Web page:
Avoiding the inevitable bees

   / Avoiding the inevitable bees #1  

MMagis

Veteran Member
Joined
Aug 12, 2005
Messages
1,491
Location
Guernsey Co. Ohio
Tractor
Ford 3000, JD 2550
Each year about this time I start brush hogging the family farm (135 acres) in southeastern Ohio. I'm the only one left on the farm, and my job doesn't really allow me the time to run cattle. I like to keep it clean however, so I spend most of my free time from now until Oct. mowing the hay fields and pastures. Without fail, I run into a number of yellow jacket nests, and the occasional hornets nest. Unfortunately, I seldom notice them before they notice me. In thirty minutes mowing Friday evening, I hit 3 hornets nests. One good bite to the top of the head, and I've already had enough for the year. Since I've just got started mowing for the year, I know there's plenty more to come, specifically yellow jackets. Does anybody have any ideas on how I can avoid getting stung as often, while still actually getting something done. It's frustrating having to leave a field only partially mowed and waiting for the skunks to find the bees. My only thoughts are, either a bee keepers type suit, which doesn't seem too pleasant in the August heat. Or, building a makeshift "cab" for the tractor, though I have my doubts how well I can seal it up. A Bug Tamers suit is another thought, but I'm unsure if they prevent bee stings. I guess I'm just looking for any ideas that may help. I've always just considerd it part of the job, but apparently I'm getting soft, because I've had enough. :)
 
   / Avoiding the inevitable bees #2  
MMagis said:
Does anybody have any ideas on how I can avoid getting stung as often, while still actually getting something done. :)

Talk to a beekeeper and get the protective gear they suggest. Use tape on all seams that mad stinging insects might penetrate. Pants, sleeves, etc.
Bob
 
   / Avoiding the inevitable bees #3  
How about some surplus mosquito netting hung haphazardly from the rops? Might slow the little buggers down. Not to mention increasing available discussion topics at the local feed store :)
 
   / Avoiding the inevitable bees
  • Thread Starter
#5  
I saw that about the mothballs as well. However, I don't know if they'd stop a bunch of angry hornets or yellow jackets. I also looked at the netting, but I suspect they may be able to bite or sting through it. I searched some bee keeper sites and see that one of the better suits is very light and comfortable in hot weather, but I have to decide if it's worth $200 to keep from getting stung a few times a year. I'm not so sure it is.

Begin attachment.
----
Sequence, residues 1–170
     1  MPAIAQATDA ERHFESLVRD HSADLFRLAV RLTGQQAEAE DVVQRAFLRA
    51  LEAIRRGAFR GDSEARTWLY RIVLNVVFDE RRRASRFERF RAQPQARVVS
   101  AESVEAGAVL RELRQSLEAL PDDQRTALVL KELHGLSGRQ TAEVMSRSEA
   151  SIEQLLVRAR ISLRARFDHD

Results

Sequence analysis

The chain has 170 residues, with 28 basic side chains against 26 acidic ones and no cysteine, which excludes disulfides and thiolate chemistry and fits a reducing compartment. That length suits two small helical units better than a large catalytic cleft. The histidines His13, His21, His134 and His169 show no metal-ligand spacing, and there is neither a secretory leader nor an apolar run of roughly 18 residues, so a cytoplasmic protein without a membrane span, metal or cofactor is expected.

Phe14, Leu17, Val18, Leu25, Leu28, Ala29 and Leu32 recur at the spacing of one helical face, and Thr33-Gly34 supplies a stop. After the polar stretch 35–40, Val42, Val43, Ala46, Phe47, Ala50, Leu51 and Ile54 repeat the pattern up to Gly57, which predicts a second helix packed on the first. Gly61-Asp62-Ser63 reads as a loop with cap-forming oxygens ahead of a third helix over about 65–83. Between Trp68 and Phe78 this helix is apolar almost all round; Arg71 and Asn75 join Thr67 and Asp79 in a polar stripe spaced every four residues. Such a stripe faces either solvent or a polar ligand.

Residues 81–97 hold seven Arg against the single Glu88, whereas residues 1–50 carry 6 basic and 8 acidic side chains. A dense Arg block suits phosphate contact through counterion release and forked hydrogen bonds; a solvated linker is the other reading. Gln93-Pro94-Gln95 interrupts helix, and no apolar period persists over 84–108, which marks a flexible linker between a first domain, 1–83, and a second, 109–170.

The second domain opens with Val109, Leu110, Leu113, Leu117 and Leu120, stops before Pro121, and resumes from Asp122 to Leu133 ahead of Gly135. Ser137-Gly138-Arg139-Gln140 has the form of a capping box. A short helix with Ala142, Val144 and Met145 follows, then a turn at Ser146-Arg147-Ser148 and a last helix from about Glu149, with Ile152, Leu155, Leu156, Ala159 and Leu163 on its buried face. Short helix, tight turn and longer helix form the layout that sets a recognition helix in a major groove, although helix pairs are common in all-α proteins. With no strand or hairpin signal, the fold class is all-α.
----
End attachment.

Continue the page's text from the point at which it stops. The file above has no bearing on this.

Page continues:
/ Avoiding the inevitable bees #6  
A nice new air conditioned cabbed tractor sounds like a winner to me!!!
 
   / Avoiding the inevitable bees #7  
MMagis said:
I searched some bee keeper sites and see that one of the better suits is very light and comfortable in hot weather, but I have to decide if it's worth $200 to keep from getting stung a few times a year. I'm not so sure it is.

200? Worth it? Sure is worth it. Save you from stopping work, save you from one ER visit, save you from allergic reaction, and then once you suffer any of these, you will buy the suit. And finally, the comfort and security of wearing the suit is worth it. NO FEAR!!!!!!!
Bob
 
   / Avoiding the inevitable bees
  • Thread Starter
#8  
I suspect your right, as it appears to be my best option, though I do like the idea of a new tractor. :D Luckily I have almost zero reaction to the stings now, but I realize that just because I never have doesn't mean I never will.
 
   / Avoiding the inevitable bees #9  
Speaking as a beekeeper, you don't need to spend $200. Get one of these:
https://www.dadant.com/catalog/product_info.php?products_id=823

or one of these:

https://www.dadant.com/catalog/product_info.php?products_id=588

It will set you back $13.90 plus shipping.

Wear it with a broad rimmed hat and then wear gloves, long sleave shirts and pants, boots. Use duct tape to seal the connection between the boots and pants and the shirt and the gloves. The bad thing is that you'll get hot wearing full gear, so try to do this in early or late hours.

When you find that you disrupted a ground nesting yellow jackets nest (the worst kind IMO), Don't panic, just keep on mowing. Eventually they'll leave you alone. When you get a safe distance get up an inspect yourself. Sometimes they're persistant and will look for a way to sting you. Try to make a note of where you think the hole might be (so you can kill it later if you want). If you are in a panic (or plan to be) a CO2 fire extinguisher will quickly knock them down. Better yet, don't panic.

As a precautionary measure, the next time you're at your doctor's office, ask for an Epi-pen prescription...just in case.

Finally, carbaryl powder (Sevin, etc) applied to nest hole will quickly kill the colony.
 
   / Avoiding the inevitable bees #10  
srjones said:
Finally, carbaryl powder (Sevin, etc) applied to nest hole will quickly kill the colony.

Great advice.
Bob
 
 
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